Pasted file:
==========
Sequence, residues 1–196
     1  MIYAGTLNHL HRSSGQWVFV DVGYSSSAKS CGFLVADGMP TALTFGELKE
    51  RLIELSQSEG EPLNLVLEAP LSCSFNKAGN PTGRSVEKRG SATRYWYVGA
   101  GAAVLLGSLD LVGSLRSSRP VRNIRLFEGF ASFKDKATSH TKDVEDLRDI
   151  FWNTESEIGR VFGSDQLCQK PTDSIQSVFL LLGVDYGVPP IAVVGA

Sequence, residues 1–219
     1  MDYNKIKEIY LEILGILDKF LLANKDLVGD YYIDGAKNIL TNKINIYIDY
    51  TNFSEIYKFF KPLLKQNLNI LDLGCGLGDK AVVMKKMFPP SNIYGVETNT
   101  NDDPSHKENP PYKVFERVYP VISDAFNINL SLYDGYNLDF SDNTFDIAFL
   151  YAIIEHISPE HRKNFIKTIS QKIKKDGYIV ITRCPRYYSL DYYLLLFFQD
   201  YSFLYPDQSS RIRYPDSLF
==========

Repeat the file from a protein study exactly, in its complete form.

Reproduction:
Sequence, residues 1–196
     1  MIYAGTLNHL HRSSGQWVFV DVGYSSSAKS CGFLVADGMP TALTFGELKE
    51  RLIELSQSEG EPLNLVLEAP LSCSFNKAGN PTGRSVEKRG SATRYWYVGA
   101  GAAVLLGSLD LVGSLRSSRP VRNIRLFEGF ASFKDKATSH TKDVEDLRDI
   151  FWNTESEIGR VFGSDQLCQK PTDSIQSVFL LLGVDYGVPP IAVVGA

Sequence, residues 1–219
     1  MDYNKIKEIY LEILGILDKF LLANKDLVGD YYIDGAKNIL TNKINIYIDY
    51  TNFSEIYKFF KPLLKQNLNI LDLGCGLGDK AVVMKKMFPP SNIYGVETNT
   101  NDDPSHKENP PYKVFERVYP VISDAFNINL SLYDGYNLDF SDNTFDIAFL
   151  YAIIEHISPE HRKNFIKTIS QKIKKDGYIV ITRCPRYYSL DYYLLLFFQD
   201  YSFLYPDQSS RIRYPDSLF